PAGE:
# Determining Electric Potential

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1. Oct 26, 2014

### Kennedy Poch

1. The problem statement, all variables and given/known data
Consider a nonconducting sphere of radius r2. It has a concentric spherical cavity of r1. The material between r1 and r2 has a charge density p (C/m3). Take V=0 and r=infinity. Determine the electrical potential V as a function of the distance r from the center for (a) r>r2, (b) r1<r<r2, and (c)r<r1

2. Relevant equations
ρ=Q/V

3. The attempt at a solution
a) I have no idea where to start. Would my volume be just (4/3)πr3??

b) Total volume enclosed = (4/3)(π)(r2)3 - (4/3)(π)(r1)3

= (4/3)(π)(r23-r13
ρ=Q/V
=3Q/4(π)(r23-r13)

dQ= 3Qr2/(r23-r13)

V= (1/(4πε)∫dQ/r

Having trouble doing the integral...

c) There should be no electric potential inside

2. Oct 26, 2014

### Simon Bridge

Welcome to PF;
"no idea" is not acceptable here - you have just done a section of coursework that should have given you some ideas ... go back and look again.

The volume of the sphere radius r is going to be $\frac{4}{3}\pi r^3$ all right - but what is the volume you are supposed to find? Your next answer suggests you are confused about this.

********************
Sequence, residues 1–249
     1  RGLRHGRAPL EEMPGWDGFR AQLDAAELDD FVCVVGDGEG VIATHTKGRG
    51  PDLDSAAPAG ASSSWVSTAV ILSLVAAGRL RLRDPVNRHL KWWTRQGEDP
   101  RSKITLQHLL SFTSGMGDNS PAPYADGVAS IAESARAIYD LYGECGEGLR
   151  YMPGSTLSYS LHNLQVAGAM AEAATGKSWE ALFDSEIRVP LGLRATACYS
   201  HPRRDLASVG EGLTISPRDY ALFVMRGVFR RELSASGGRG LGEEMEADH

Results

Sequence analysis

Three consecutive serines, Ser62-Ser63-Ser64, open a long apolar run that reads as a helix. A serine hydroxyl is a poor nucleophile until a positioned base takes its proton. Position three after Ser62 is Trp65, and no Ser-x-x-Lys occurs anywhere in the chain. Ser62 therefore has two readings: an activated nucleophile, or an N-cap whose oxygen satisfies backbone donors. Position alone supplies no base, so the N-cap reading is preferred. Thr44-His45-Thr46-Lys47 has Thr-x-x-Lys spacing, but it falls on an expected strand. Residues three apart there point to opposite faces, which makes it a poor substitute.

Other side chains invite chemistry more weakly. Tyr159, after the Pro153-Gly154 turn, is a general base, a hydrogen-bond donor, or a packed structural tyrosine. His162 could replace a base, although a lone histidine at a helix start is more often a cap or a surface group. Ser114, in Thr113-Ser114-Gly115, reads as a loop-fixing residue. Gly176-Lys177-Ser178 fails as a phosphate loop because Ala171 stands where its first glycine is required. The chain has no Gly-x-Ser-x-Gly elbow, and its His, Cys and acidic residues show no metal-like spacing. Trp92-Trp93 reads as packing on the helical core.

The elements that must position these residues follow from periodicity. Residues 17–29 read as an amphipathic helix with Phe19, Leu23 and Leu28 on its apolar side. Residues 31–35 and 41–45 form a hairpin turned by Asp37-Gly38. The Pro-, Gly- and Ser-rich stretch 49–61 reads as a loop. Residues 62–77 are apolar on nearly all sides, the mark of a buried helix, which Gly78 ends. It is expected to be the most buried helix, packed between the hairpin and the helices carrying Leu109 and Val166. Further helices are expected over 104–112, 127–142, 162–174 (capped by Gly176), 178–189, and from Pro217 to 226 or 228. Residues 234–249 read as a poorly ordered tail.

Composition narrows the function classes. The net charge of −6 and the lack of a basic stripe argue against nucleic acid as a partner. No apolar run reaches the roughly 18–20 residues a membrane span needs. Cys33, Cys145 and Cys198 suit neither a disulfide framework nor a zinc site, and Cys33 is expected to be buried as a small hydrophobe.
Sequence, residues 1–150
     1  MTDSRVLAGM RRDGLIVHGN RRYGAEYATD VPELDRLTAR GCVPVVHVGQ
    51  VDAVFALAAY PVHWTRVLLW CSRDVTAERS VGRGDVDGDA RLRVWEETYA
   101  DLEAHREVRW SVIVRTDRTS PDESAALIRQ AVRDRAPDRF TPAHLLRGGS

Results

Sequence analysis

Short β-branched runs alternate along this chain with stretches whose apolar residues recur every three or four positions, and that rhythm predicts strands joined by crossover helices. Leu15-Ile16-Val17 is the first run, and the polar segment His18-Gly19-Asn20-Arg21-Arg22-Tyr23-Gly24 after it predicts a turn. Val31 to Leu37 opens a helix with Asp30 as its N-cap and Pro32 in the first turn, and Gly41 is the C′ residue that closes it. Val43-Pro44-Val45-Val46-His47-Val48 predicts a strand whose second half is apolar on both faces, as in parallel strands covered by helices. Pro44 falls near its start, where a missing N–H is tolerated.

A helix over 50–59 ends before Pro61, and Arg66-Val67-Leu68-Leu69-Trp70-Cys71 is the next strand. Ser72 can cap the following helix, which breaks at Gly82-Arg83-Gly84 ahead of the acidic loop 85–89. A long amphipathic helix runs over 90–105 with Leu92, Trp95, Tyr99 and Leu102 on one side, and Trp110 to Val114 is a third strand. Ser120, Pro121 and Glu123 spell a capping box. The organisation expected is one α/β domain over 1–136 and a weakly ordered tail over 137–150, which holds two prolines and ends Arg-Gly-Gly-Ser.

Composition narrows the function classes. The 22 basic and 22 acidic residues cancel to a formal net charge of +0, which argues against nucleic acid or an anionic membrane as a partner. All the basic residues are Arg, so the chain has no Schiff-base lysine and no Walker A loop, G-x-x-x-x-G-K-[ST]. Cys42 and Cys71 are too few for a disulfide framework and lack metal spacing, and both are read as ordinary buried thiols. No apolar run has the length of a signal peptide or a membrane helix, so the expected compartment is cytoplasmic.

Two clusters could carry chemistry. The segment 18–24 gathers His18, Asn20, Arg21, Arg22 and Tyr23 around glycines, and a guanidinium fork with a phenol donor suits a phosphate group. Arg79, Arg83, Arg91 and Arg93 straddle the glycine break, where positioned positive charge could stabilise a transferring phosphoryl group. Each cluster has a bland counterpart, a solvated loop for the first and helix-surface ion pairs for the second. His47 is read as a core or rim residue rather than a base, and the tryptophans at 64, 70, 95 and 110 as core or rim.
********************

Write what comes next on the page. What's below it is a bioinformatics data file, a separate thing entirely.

Lets say you had a ball of charge radius R and charge Q with uniform density - you want to find the potential at radius r < R from the center ... the rule (for spherical distributions of charge) is that the potential is proportional to the total charge inside the radius and inversely proportional to the distance from the center.

So you should not be thinking in terms of volumes at all, but in terms of how much charge there is.
You'll end up doing as volume integral but only because the maths is easier that way.

3. Oct 26, 2014

### Kennedy Poch

Outside of the sphere would we not just use V= ((1/(4πε))(Q/r) ?

4. Oct 27, 2014

### Simon Bridge

That's outside the sphere.
For r > R, the total charge inside r is Q, so V=kQ/r
For r< R, what is the total charge inside r?